The appropriate power that needs to be used varies for each patient, and is mostly related to the amount of pigment in the trabecular meshwork (i.e., the drainage system) of the eye. The more pigment in the trabecular meshwork, typically the less power is needed. When eye doctors perform SLT they typically start at a relatively low power and increase it until they see tiny bubbles form at the trabecular meshwork after about 50% of the laser spots are created. When performing ALT, doctors should see a blanching of the trabecular meshwork to know that they have used enough power. Again, you start at a lower power and work up until you see the blanching so that you know that you are not over-treating.

Laser surgery is relatively well tolerated; however, it is a surgery. Before any surgery, your eye doctor should discuss the risks, benefits, and alternatives before you agree to have any procedure performed in the office or in the operating room. There is a small risk that the laser procedure can cause an increase in the eye pressure and that is always something I discuss with my patients. I have my patients wait approximately 20-30 minutes after the procedure and I check the pressure before they leave to make sure that it has remained stable. If the pressure goes up immediately, this can often be reversed in the office with a couple of additional pressure lowering drops and in most people the elevated pressure does not last long. It is very common to have a slight headache after the laser procedure, and patients may not feel like doing much that evening, but extreme pain is unusual. There is often a small amount of inflammation that occurs in the eye after the procedure, and it is not uncommon that doctors prescribe an anti-inflammatory eye drop for approximately one week. Unfortunately, I am not sure if you will ever really know why the pressure went up. Hopefully your eye doctor can get the pressure under control and work to preserve as much vision as possible.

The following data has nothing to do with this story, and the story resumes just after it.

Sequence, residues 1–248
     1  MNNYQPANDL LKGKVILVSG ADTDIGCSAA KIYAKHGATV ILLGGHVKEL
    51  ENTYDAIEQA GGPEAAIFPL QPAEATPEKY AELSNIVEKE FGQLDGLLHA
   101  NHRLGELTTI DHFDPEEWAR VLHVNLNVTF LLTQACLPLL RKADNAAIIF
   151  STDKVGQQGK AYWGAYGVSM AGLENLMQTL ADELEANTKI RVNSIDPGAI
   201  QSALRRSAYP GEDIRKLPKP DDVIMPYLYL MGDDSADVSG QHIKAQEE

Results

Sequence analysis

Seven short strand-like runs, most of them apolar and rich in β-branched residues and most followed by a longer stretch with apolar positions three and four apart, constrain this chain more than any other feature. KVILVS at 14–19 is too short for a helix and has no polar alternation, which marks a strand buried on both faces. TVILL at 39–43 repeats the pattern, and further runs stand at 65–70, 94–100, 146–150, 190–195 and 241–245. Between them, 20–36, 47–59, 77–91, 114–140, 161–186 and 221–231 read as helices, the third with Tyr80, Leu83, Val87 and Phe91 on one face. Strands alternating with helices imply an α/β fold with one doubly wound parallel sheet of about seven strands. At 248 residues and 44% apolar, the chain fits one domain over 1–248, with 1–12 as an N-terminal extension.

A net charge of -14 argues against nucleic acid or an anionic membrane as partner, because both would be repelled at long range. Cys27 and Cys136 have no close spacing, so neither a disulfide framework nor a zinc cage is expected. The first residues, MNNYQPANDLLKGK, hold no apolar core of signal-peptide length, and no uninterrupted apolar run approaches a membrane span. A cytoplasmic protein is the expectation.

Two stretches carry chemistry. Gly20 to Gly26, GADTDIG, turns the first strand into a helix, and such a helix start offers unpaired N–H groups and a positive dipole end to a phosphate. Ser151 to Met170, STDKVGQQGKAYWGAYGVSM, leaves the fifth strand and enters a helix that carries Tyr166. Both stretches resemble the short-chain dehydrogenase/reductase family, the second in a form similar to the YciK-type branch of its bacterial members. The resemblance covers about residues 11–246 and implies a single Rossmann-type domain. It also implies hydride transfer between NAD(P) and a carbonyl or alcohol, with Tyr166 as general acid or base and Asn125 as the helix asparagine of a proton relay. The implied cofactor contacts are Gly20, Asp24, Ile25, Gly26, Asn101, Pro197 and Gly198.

I am a glaucoma patient who had trabeculectomy surgery on both eyes. I later developed a cataract, which was removed. I was using Xalatan and Cosopt eye drops before the cataract surgery, and would like to know if I can still continue these medications? [ 11/13/11 ]

That is a great question. The answer often depends on the doctor doing the surgery. If possible, I will often times have my patients stop their prostaglandin analog (Xalatan, Travatan, Lumigan, or generic) a few days prior to cataract surgery because of a slight increased risk of swelling in the retina (called cystoid macular edema) after cataract surgery when you are on those medications.

Often the choice of whether or not to restart the medication after surgery is dependent on what the pressure in the eye is after cataract surgery. There has been some interesting new data that shows there is an approximate 2 mmHg drop in intraocular pressure that lasts for about two years after cataract surgery (there is not a full understanding of why this happens, but many researchers are currently looking into it). If the pressure has dropped sufficiently after the cataract surgery, it may not be necessary to restart the prostaglandin analog (Xalatan in your case) unless the pressure goes up again above your goal intraocular pressure. In other cases, even if there is a small drop in pressure, it may not be low enough to achieve your goal intraocular pressure, so the doctor will likely restart all of the glaucoma medications after a certain time period after surgery. Again, this is all dependent on the doctor's preferences and how your eye responds to the cataract surgery. Keep your regularly scheduled appointments and the doctor will monitor your pressure and make adjustments to your glaucoma medications accordingly. I wish you the best of luck